Then it is possible to obtain some averaged values for noise characteristics, for example, for noise spectrum(4.5)

Here, 〈*Q*(** x′**,

*ω*)

*Q*(

**,**

*x*″*ω*)〉 is the space correlation function for source terms in equation (4.3). In this step, different scientists use different relations for the source term and the correlation function. Such uncertainty about a concrete choice for

*Q*reflects the above-mentioned principal difficulty for the pressure decomposition (equation (4.2)).

The other purely formal mathematical weakness of the theory is connected with the Green function. The equation for Green function is(4.6)

Hence, its solution is a function of seven arguments,(4.7)

Here, ** x**={

*x*,

*y*,

*z*} gives the coordinates of the noise source for integration in equation (4.5) and

*x*_{o}={

*x*

_{o},

*y*

_{o},

*z*

_{o}} the ‘observer’ coordinates (microphone position). In addition, the function

*G*has a rather fast oscillation along the space coordinate. In principle, it is possible to perform integrations of equation (4.6) to get a large file with all the information for equation (4.7). However, such a procedure is impossible with modern computers. Generally, the use of some analytical and very simplified solution of equation (4.6) is made. In particular, axial symmetry is assumed for the jet flow

**={**

*U**U*

_{1}(

*r*), 0, 0} and for the acoustic field, only the high-frequency range is considered:

*ωD/U*

_{1}≫1 and so on. Similar analytical solutions for complex jet flows, for example, chevron nozzles with pylons, are absent.

Among the numerous traditional aeroacoustic equations such as equation (4.1), the Lilley equation (Lilley 1974) predicts the effects of refraction and convection of acoustic waves better than many other theories. Many approaches use this equation in order to get a Green function and calculate jet noise. This approach was used in the well-known MGBK codes (see Mani *et al*. 1978; Khavaran *et al*. 1994), and in the NASA Langley code Jet3D (Hunter 2002; Hunter & Thomas 2003) for jet noise prediction.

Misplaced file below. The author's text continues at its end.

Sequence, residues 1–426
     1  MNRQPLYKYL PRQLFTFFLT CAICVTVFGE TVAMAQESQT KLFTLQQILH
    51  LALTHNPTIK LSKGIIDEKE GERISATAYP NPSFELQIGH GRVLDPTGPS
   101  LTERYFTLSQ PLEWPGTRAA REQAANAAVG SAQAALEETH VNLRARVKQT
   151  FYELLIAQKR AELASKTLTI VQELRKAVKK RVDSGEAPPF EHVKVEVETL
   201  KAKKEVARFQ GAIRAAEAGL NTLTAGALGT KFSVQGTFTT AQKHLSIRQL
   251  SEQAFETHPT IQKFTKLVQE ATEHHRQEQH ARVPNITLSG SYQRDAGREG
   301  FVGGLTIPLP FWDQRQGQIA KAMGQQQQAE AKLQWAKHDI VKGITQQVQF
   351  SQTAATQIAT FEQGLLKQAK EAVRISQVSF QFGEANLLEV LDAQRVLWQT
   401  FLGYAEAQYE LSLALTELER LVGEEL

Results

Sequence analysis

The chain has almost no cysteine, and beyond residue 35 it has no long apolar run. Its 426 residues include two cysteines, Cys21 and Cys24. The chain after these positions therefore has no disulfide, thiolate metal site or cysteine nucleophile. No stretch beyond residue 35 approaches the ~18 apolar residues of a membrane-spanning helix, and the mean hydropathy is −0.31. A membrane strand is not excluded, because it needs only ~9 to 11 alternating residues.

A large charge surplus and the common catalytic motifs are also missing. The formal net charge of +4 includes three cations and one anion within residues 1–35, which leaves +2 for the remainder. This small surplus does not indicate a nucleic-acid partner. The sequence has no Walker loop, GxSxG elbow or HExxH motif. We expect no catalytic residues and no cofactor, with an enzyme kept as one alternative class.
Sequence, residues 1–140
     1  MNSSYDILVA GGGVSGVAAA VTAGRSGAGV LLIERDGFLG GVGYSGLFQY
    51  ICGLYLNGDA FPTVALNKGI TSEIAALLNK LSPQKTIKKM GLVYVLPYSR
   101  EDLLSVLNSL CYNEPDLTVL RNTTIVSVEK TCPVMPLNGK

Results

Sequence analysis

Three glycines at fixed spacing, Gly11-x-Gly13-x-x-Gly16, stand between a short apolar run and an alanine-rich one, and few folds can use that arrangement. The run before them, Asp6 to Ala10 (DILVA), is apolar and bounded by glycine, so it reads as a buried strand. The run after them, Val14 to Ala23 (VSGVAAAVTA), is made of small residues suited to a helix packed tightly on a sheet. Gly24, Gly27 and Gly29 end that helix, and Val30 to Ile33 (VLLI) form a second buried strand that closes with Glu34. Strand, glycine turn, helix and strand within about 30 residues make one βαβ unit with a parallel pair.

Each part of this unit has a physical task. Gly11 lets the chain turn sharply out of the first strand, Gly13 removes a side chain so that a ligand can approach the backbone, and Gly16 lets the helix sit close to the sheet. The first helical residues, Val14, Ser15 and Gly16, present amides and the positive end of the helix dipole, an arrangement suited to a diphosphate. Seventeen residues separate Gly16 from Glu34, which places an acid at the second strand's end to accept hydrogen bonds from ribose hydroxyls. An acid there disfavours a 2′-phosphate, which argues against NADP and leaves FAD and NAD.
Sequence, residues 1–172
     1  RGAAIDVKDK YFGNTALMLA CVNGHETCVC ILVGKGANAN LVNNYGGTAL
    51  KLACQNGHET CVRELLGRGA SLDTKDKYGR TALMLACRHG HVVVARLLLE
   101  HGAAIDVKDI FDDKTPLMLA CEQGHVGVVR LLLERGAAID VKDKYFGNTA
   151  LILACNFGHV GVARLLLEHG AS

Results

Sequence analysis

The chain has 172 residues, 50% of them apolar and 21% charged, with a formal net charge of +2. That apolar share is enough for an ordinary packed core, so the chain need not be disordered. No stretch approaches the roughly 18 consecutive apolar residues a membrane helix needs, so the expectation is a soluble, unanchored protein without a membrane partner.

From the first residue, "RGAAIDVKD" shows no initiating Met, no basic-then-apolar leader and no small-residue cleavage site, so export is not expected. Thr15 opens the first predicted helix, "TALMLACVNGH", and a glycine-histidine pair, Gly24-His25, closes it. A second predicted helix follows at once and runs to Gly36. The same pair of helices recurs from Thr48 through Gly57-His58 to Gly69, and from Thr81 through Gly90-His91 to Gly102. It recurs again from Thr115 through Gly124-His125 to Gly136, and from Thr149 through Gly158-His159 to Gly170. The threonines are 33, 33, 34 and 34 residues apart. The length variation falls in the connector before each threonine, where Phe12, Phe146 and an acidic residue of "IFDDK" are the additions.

In spite of attempts to use a rather strict aeroacoustic Lilley equation, the main considerations are traditionally inaccurate. In particular, the Green function is obtained for a simple velocity profile and for short-wave approximations only. Similarly, the Green function is not able to describe real jet velocity fields and large-scale turbulence fields. Hence, such an approach cannot give an accurate prediction of chevron nozzle jet noise. The time–space correlations are separated into space and time correlations in this method and both correlations have an exponential shape, although all experiments show that the correlations really have a power decay. As a consequence, noise spectra shapes in these approaches have an exponential factor(4.8)while the known experiments show that the spectrum at high frequencies has power decay law *ω*−*m*, were *m*≈2–3.

A directivity diagram could be obtained from the Green function, in principle; however, due to the above-mentioned approximations for this function, it is impossible. Usually, the directivity diagram is obtained from approximate semi-intuitive considerations that are similar to the work of Ribner (1996) or others.

Consideration of the above difficulties and defects of traditional aeroacoustic theory results in attempts to develop other more practical methods of jet noise prediction. The approaches of Munin *et al*. (1981), Kopiev & Chervyshev (1997), Tam & Auriault (1998, 1999), Khavaran &Krejsa (1998), Dovgik *et al*. (2001), Morris & Farassat (2002), Morris & Boluriaan (2004), Khritov *et al*. (2005), Birch *et al*. (2005*b*) and Birch *et al*. (2006) and others seem reasonable.

The latter approaches use approximate or even empirical approximations for the Green and source term functions, instead of ‘exact’ solution of any aeroacoustic equation. Such a method is less universal, but at the same time, such a simplified approach makes it possible to take into account several important features of ‘real’ jets and to get more accurate noise prediction for a class of jet flows with a relatively narrow parameter range. The word real implies turbulent jets that have Mach numbers Maj=0.5–0.9, temperature ratio *T*_{j}/*T*_{e}=1–3 (ratio of the jet outlet to ambient temperature), and coaxial jets having a bypass ratio of 5–8. Some important features of this approach will be considered below.

## 6. Some specific acoustic features of real turbulent jets

### (a) Temperature influence